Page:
This snapshot, taken on
12/01/2012
, shows web content acquired for preservation by The National Archives. External links, forms and search may not work in archived websites and contact details are likely to be out of date.
 
 
The UK Government Web Archive does not use cookies but some may be left in your browser from archived websites.

The holly and the ivy

By: Tony Hall - 20/12/2011


Tony Hall tells tales of holly folklore and describes the amazing variety of colour to be seen along Kew's historic Holly Walk.

  • Close Thanks for liking this page. Tell us why by adding a comment at the bottom.

This has been a great year for berries. Wandering down Kew's historic Holly Walk at this festive time of year, you can see some of the amazing variety of colours in both berries and leaves, as well as some of Kew's attractive ivies.
 

Red berries on common holly.    Ivy, Hedera helix

British natives: the common holly, Ilex aquifolium, and the ivy, Hedera helix

Folklore

There is so much mythology and folklore associated with holly, from Christian links with Jesus and the crown of thorns in which the berries represent drops of blood, to stories of the Holly King in Celtic mythology. One of my favorites is that hollies were left uncut in old hedgerows, not only because it is supposed to be bad luck to cut down a holly tree, but also beacuse it stops witches running along the tops of hedges, as they were of course well known to do!


 Ivy hedge, surounding Palm house   Holly hedge and holly dumplings.

The holly hedge and dumplings behind the Palm House

There are many hollies around the garden, including the holly hedge and dumplings, planted in 1906, and those around the rose garden behind the Palm House. There is also an ivy hedge surrounding the Palm House. 

The hollies...

But it is along Holly Walk that we find most of the mature hollies laid out in 1874. Many of these trees are over 130 years old and are part of the largest collection of mature hollies in Europe. The majority of the hollies along Holly Walk are cultivars of the common holly, Ilex aquifolium and Ilex x altacerensis. Like the ones in the pictures below, they show a great variety of berry colour and leaf shape, and not all are spikey.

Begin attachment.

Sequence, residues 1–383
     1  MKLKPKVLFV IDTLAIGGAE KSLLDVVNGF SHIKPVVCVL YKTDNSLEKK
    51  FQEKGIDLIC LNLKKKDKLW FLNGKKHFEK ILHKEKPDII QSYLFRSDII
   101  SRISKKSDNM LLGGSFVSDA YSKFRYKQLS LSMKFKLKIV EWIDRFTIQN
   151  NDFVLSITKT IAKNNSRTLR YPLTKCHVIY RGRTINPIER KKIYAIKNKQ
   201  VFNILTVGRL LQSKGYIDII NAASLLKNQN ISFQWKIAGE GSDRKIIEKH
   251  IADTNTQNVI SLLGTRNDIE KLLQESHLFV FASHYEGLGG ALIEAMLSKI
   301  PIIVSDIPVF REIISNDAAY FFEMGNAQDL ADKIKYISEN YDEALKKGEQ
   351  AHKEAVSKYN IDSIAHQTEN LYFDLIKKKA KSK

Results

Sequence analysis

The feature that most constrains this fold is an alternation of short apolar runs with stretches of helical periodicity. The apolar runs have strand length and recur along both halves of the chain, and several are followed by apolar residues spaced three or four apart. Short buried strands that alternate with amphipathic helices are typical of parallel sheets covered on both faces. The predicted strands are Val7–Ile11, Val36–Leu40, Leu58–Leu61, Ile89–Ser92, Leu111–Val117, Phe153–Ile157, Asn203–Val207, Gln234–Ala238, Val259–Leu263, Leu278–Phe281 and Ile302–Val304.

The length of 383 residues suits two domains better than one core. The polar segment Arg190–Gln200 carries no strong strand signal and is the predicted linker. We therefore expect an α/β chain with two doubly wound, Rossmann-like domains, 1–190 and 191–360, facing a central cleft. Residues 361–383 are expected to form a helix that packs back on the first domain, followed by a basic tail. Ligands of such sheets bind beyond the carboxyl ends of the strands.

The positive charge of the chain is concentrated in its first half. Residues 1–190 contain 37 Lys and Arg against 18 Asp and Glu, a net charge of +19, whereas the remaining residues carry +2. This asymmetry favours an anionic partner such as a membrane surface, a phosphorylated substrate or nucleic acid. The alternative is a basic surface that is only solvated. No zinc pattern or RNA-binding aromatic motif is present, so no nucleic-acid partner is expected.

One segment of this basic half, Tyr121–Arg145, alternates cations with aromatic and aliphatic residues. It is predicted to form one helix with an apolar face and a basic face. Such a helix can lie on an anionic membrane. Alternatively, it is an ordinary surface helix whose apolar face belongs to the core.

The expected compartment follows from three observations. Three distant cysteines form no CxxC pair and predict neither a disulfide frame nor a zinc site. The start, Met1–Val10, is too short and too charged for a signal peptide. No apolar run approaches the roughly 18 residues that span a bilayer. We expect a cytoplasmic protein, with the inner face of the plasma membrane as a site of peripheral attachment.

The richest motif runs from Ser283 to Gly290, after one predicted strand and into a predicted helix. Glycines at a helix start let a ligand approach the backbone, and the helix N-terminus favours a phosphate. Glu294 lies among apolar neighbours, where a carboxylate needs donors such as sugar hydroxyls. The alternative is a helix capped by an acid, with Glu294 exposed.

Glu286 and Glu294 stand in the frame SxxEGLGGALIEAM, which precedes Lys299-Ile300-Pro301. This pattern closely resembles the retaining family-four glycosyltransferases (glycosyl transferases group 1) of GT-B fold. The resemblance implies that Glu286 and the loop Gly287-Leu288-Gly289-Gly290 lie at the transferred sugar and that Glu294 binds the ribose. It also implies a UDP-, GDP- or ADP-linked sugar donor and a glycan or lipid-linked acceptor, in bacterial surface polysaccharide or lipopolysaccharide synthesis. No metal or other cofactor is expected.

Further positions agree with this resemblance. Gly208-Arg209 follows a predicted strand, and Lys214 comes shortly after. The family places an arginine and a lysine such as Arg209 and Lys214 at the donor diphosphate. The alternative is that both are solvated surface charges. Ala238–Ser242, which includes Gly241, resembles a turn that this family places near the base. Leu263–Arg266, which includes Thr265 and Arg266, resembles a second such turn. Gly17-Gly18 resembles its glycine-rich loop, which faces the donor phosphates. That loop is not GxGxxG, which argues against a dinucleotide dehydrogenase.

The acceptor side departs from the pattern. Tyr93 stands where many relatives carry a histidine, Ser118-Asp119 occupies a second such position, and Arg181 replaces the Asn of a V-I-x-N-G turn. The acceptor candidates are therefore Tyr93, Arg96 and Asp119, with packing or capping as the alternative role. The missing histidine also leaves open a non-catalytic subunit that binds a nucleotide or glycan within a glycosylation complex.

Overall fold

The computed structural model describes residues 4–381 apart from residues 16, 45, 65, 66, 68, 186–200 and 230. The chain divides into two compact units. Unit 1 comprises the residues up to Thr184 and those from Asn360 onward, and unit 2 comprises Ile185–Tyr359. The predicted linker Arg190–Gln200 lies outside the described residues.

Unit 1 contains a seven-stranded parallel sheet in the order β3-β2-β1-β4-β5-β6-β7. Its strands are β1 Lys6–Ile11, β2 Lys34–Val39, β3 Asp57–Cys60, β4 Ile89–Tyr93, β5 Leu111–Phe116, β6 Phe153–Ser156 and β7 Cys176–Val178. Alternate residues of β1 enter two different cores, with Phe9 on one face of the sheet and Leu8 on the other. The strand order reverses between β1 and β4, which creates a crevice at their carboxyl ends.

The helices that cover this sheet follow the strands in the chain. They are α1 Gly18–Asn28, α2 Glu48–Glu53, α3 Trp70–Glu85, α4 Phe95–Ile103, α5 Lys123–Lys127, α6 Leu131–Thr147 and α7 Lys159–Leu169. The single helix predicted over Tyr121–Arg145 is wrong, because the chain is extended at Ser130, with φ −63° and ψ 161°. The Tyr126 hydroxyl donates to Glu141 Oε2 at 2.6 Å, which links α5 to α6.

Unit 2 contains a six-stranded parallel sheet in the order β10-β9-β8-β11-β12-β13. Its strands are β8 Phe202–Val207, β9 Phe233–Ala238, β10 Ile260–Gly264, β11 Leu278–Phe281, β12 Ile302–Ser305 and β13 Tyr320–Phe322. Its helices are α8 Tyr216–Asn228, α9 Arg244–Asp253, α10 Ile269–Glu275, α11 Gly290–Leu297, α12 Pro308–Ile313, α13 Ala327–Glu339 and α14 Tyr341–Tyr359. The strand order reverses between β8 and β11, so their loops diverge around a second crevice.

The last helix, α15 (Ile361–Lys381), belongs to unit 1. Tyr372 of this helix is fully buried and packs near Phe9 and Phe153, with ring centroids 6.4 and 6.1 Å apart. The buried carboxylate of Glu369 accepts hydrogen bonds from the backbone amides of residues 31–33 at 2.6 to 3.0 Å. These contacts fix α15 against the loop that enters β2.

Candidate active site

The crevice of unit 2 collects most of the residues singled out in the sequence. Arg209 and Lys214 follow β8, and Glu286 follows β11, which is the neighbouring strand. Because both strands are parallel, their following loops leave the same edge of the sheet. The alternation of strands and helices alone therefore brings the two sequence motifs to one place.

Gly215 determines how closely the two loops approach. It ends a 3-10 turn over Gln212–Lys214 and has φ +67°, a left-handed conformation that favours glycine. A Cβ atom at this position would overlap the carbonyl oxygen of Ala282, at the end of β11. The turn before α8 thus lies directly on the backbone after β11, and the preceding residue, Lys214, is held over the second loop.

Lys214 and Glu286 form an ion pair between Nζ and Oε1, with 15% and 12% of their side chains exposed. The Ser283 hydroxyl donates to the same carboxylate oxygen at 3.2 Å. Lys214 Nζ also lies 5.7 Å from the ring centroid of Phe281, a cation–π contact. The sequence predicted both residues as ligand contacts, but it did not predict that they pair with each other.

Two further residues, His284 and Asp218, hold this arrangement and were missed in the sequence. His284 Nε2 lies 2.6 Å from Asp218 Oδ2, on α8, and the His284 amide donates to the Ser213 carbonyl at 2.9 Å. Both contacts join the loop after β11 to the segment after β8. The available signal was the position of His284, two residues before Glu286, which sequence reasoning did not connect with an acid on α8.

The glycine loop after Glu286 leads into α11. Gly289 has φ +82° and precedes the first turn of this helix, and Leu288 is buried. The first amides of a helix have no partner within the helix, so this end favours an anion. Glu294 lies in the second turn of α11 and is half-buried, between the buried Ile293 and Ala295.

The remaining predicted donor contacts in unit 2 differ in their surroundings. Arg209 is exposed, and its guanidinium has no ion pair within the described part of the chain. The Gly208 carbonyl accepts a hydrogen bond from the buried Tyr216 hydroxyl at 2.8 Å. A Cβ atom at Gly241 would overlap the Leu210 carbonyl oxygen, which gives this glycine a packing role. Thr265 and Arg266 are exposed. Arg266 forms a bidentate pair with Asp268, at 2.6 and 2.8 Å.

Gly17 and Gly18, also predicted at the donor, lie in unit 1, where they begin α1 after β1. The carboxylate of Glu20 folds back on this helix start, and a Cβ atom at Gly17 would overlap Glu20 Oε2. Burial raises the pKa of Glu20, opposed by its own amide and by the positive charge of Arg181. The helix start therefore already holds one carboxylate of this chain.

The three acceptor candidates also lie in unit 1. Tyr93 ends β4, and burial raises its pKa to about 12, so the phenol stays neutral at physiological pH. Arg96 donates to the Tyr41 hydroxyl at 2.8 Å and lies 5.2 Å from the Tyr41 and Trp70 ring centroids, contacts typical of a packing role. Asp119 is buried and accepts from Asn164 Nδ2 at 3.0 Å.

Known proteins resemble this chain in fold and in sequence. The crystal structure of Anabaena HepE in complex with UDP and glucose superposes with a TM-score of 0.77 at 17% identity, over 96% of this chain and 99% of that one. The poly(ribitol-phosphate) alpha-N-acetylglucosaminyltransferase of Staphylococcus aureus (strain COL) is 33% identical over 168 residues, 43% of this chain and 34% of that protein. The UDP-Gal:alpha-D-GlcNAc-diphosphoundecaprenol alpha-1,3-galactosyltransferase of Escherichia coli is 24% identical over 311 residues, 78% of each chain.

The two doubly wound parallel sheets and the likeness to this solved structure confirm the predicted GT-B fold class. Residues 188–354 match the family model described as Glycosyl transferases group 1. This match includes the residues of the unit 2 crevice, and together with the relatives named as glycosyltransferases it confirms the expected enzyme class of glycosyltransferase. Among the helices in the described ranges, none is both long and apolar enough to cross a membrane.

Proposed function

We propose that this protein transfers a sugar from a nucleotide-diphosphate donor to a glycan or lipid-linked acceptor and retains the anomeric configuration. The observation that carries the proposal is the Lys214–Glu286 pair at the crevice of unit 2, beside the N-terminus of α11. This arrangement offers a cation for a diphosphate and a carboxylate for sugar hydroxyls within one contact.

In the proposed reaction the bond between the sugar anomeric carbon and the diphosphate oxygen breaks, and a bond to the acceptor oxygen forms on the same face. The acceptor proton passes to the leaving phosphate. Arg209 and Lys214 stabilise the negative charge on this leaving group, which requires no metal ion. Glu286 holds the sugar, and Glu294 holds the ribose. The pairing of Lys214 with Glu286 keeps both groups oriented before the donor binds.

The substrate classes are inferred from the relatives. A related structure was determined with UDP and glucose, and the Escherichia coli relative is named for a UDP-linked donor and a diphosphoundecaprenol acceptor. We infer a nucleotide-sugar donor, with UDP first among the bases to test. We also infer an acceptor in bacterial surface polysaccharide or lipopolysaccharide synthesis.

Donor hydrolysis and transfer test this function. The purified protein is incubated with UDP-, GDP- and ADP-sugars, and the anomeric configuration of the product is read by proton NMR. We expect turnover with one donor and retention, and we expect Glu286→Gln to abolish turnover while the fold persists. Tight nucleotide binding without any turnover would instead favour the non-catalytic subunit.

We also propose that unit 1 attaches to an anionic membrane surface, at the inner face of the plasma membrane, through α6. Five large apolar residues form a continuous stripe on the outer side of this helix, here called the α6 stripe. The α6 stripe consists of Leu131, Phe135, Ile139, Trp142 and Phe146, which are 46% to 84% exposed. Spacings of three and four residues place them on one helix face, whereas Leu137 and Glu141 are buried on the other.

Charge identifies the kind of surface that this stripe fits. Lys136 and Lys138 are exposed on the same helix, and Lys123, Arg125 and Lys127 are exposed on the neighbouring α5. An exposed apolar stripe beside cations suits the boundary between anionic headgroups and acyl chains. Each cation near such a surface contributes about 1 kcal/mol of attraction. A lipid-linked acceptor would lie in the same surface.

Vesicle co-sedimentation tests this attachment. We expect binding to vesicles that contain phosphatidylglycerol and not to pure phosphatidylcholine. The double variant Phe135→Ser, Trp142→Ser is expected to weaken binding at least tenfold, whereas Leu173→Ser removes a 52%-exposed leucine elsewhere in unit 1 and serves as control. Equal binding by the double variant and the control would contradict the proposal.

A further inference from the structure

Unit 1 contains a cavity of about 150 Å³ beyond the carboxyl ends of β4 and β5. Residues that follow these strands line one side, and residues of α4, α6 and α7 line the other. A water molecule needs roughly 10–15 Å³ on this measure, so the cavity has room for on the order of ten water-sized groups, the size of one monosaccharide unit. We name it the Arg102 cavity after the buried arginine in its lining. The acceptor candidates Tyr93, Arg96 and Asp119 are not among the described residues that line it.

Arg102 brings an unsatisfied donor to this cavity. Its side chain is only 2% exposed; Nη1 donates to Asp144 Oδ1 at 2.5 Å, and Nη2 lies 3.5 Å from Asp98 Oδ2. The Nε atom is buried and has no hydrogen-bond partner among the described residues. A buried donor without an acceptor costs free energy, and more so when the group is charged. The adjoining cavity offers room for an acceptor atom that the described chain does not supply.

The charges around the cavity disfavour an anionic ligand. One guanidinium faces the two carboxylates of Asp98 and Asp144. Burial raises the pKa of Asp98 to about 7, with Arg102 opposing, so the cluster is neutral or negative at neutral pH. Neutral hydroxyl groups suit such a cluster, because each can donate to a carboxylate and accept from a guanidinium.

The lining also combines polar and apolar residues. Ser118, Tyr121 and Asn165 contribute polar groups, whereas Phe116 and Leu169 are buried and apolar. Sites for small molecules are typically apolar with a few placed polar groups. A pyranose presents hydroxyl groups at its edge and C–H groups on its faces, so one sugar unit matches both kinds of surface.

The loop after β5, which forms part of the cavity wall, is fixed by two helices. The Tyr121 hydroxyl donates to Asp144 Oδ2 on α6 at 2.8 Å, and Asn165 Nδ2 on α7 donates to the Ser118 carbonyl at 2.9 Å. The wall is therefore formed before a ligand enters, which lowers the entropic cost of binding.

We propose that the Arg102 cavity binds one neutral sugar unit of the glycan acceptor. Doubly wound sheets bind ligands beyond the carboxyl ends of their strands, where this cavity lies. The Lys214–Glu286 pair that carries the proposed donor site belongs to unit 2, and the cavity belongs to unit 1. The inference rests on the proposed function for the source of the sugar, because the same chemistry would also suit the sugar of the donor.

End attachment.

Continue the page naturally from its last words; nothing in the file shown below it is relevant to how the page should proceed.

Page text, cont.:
Yellow holly berries.  Ilex 'Frucu Luteo'  Ilex X altacerensis 'Gold King' varegated holly with red berries.
Image left: Ilex ' Frucu Luteo' Image right: Ilex x altacerensis 'Gold King'

... and the ivies

There are also some great looking ivies and again most of the more showy ones are cultivars:

 Hedera colchia, variegated ivy with berries.   Hedera 'Pennslyvanica' white veined ivy leaves
Left: Hedera  colchica 'Dentata Variegata'; Right: Hedera helix 'Pennsylvanica'

But we can't forget...

Even though the title of this blog is titled 'The holly and the ivy', when it comes to festive plants you must not forget mistletoe. Not a common plant at Kew, but another one most people associate with Christmas.  
 

 Mistletoe with berries on small crab apple tree
Mistletoe, Viscum alba 

Look out for my next blog in the new year, when the Arboretum team will be replanting many new hollies along Holly Walk, filling in gaps where we have lost trees the past, and adding more and different cultivars to keep this historic avenue growing for future generations.

- Tony -


 

Find out more

Tags: historical


2 comments on 'The holly and the ivy'

oak leaf says

23/12/2011 1:02:04 PM | Report abuse

Those hollies are really beautiful. I understand that most plants in the holly family are actually tropical. It seems so different from our concept in the UK of holly as a plant that we use to celebrate Christmas, in the middle of winter!


Kitchen Benchtops says

21/12/2011 5:58:51 AM | Report abuse

a beginner will enjoy this